Life could have been extraordinarily different for 21-year-old Brodie Scarsi had he kept walking six years ago.
Fifteen and wild, he'd been in and out of the justice system for about two years before Daniel Gaffney and Stephen Imrie from Canberra PCYC picked him up by the side of the road.
"They gave me their hand and basically said take it or leave it," Mr Scarsi said.
He took it and became part of a program designed to curb criminal behaviour in young offenders.
He learnt practical skills such as metal fabrication by building go karts with a positive mentor.
"It was keeping us too busy to do the bad things in life, we were focused on something else," Mr Scarsi said.
Today he is hoping the PCYC's newest crime aversion program will help more young people like himself avoid a life behind bars.
Close to half a million dollars will be invested in the new early intervention program, dubbed, Project Booyah , which will use adventure-based learning and resilience training to influence young people to avoid crime.
Over 20 weeks, participants will gain trade skills and qualifications to help them gain a job afterwards.
Stephen Imrie said up to 30 at-risk youth are expected to engage with the program over the next two years.
"A lot of the young people haven't had positive mentors, they might have come from backgrounds of domestic violence, or generational unemployment and a lack of engagement with education so [they're] starting on the backfoot," he said.
"We need to give these young people as much opportunity as they can to succeed and to thrive, and this program will help with that."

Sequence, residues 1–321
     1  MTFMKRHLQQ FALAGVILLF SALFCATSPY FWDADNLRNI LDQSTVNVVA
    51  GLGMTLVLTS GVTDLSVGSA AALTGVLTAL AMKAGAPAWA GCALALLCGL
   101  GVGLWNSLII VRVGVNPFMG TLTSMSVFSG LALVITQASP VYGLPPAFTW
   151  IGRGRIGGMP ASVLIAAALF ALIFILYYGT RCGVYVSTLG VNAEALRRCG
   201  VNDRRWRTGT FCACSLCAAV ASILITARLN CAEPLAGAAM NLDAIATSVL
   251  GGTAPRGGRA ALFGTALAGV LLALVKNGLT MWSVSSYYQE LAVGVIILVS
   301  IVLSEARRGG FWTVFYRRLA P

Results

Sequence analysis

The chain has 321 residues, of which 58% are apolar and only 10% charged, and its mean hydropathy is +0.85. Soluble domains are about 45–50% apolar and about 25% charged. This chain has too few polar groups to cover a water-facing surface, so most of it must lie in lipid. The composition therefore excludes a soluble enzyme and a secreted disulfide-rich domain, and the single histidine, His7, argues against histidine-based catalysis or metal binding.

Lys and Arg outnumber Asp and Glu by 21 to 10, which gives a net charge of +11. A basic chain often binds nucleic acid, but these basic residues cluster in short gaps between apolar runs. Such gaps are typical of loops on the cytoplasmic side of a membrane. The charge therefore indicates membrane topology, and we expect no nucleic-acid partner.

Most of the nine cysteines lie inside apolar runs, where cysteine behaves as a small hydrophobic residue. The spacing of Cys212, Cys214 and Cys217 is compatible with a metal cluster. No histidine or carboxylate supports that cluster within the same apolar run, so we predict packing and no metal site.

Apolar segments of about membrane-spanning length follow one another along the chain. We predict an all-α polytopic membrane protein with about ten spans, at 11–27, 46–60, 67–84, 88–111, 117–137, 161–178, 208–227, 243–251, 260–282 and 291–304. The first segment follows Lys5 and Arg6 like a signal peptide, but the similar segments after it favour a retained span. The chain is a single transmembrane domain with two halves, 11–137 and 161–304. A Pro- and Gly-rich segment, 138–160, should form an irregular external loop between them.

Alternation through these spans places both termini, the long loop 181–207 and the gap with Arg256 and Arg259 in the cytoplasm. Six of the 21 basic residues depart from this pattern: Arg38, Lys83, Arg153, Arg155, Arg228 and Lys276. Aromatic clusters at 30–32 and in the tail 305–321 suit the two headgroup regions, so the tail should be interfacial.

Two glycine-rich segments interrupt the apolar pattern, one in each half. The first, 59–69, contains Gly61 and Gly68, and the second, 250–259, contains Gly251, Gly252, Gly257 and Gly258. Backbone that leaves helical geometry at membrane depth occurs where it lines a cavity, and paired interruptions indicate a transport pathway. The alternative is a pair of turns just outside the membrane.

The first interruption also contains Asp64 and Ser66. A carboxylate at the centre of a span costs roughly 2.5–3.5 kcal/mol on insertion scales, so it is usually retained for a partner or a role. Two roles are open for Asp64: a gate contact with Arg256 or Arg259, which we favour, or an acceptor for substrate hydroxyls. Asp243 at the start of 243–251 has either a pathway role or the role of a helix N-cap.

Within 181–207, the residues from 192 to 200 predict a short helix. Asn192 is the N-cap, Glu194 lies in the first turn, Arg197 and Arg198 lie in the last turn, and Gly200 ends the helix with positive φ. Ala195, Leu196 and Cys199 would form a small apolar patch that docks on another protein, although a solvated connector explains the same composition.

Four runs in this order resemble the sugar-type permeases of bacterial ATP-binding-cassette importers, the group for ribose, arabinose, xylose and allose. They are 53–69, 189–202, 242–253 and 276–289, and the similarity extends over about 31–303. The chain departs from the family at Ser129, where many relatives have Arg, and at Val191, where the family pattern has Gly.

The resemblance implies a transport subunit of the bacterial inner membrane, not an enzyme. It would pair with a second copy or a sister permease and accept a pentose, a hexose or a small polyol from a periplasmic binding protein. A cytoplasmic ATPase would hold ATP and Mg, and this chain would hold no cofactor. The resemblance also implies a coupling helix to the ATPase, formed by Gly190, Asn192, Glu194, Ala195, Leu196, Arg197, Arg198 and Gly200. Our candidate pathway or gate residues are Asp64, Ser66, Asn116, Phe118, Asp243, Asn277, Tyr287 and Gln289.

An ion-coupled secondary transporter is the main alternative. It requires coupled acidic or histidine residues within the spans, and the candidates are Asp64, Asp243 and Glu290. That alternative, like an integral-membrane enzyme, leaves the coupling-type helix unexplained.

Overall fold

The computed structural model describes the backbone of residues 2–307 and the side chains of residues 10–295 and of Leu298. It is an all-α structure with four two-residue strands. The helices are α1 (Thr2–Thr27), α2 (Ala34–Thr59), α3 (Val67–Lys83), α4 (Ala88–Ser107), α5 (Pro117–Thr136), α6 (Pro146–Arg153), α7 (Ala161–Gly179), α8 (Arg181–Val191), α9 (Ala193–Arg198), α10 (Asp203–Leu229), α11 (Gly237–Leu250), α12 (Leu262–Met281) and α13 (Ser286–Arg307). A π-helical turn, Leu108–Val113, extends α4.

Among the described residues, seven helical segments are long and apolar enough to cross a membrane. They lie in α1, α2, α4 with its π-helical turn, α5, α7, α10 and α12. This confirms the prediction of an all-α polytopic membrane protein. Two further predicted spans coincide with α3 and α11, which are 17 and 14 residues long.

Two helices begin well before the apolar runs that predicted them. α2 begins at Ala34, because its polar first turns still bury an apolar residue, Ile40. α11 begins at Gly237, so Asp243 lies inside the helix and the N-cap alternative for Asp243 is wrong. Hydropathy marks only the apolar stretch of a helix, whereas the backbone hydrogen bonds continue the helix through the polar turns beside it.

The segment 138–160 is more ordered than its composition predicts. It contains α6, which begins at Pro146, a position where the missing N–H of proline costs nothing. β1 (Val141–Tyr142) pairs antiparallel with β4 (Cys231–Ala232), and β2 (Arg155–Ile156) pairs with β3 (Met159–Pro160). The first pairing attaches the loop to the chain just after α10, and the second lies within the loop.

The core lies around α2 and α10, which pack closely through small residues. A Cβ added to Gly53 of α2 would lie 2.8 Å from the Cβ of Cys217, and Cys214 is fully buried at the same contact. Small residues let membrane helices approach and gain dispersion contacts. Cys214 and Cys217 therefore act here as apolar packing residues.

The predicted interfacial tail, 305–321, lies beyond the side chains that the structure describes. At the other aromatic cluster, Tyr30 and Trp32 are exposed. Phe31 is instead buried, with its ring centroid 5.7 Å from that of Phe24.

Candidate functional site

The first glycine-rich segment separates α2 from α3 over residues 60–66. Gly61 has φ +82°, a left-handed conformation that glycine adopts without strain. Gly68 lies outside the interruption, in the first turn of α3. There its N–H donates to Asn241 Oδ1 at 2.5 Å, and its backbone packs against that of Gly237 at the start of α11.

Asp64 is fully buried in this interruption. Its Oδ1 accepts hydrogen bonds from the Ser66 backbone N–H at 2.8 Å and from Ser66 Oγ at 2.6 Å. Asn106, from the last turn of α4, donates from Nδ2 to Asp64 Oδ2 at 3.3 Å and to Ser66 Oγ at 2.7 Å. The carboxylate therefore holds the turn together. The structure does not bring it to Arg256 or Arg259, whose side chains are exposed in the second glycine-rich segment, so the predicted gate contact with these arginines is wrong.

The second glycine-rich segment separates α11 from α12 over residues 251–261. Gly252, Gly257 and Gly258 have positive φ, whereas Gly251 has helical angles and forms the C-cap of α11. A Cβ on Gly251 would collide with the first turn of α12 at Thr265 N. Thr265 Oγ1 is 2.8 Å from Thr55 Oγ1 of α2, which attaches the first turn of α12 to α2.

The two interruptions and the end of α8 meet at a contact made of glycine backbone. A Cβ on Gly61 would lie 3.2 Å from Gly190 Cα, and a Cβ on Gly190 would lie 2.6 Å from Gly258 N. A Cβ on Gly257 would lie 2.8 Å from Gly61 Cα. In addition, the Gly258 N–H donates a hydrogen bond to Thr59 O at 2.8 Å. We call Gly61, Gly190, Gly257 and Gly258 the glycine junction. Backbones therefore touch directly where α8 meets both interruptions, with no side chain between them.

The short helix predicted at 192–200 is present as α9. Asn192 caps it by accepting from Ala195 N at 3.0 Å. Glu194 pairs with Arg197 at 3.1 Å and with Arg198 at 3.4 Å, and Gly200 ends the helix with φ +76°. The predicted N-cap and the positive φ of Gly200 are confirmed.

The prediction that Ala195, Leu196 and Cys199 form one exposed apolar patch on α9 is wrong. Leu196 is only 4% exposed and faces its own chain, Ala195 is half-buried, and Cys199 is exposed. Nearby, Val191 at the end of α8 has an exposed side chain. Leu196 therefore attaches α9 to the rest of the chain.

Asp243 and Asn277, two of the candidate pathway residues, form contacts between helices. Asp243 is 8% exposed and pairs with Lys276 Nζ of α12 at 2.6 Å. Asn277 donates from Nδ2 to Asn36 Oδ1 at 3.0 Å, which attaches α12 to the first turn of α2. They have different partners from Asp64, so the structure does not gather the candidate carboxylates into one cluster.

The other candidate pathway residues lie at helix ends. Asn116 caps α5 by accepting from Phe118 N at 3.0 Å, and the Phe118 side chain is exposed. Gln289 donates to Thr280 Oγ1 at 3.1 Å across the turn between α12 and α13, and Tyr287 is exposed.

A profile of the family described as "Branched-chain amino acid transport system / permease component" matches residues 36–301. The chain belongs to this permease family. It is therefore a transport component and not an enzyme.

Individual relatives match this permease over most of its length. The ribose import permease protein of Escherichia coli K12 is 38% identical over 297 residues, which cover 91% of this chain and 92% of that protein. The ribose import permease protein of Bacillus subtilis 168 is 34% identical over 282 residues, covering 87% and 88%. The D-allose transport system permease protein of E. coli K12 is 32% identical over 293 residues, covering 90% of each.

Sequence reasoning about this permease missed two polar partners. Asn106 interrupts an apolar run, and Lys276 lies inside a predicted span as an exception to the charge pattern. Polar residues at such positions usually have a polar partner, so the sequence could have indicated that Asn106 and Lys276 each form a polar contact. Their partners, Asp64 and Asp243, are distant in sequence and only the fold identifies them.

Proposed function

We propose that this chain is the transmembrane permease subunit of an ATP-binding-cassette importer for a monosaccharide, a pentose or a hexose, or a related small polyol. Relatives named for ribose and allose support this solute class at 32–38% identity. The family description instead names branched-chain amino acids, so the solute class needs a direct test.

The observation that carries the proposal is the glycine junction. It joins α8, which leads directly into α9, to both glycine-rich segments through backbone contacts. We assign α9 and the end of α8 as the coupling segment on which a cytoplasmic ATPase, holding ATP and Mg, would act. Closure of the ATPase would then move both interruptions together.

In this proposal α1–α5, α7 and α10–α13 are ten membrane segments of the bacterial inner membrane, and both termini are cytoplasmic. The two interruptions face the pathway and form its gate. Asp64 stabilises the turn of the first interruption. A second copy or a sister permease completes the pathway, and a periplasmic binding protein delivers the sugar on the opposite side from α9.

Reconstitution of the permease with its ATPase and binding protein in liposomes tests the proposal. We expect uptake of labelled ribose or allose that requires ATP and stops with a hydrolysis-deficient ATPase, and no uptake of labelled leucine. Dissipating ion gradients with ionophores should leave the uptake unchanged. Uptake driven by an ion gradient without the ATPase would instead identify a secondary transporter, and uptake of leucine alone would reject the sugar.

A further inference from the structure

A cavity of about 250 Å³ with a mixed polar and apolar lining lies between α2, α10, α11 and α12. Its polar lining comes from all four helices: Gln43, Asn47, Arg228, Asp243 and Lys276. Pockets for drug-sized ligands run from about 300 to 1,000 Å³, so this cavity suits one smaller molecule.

Mr Imrie said Canberra PCYC's programs are aligned with the ACT government's Blueprint for Youth Justice.
He said the more holistic approach to working with young offenders and the increased focus on early intervention has yielded quite substantial results since it began in 2012.
"We're already seeing that young people being apprehended by police is down 20 per cent, young people under youth justice supervision is down 35 per cent and community-based supervision is down 29 per cent, so we're doing really well," Mr Imrie said. "We're also starting to see the gaps starting to close in terms of the over representation of indigenous young people in our programs."
Daniel Gaffney said the secret to their success was to teach young people employable skills while using cognitive behavioural therapy to help them address their problems.
Eight in 10 graduates re-engaged with education when the police-run mentorship program first ran in Queensland, while six in 10 went on to find a job or work experience.
But Mr Gaffney said participants would walk away with other benefits too.
"It might be something really simple like routine," he said. "A young person may have a totally out-of-whack routine, they're not attending school and they're getting into trouble.
"But by coming with us on a regular basis, like with Booyah, they get routine, they get used to that structure and they're more ready to return to education, to get an apprenticeship.
Mr Imrie said Mr Scarsi was proof that early intervention worked.
"Basically [Stephen Imrie and Daniel Gaffney] really changed my life, they've been an inspiration to me. I'd probably still be in jail [without the PCYC], I'm not even lying," Mr Scarsi said.